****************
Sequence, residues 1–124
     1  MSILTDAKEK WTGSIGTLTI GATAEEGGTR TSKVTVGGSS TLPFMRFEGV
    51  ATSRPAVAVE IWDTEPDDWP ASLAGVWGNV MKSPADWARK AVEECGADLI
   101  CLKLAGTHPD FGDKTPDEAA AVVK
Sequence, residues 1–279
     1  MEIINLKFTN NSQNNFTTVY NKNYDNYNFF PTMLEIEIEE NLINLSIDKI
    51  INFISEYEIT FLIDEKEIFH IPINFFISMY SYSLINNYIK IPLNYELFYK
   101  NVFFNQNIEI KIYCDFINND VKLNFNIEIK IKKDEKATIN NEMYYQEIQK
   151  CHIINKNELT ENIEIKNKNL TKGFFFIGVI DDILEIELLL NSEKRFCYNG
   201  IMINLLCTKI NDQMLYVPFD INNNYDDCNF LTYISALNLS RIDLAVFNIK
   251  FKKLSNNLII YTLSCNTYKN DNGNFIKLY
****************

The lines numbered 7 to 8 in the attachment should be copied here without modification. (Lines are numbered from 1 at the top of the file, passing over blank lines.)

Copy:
    51  INFISEYEIT FLIDEKEIFH IPINFFISMY SYSLINNYIK IPLNYELFYK
   101  NVFFNQNIEI KIYCDFINND VKLNFNIEIK IKKDEKATIN NEMYYQEIQK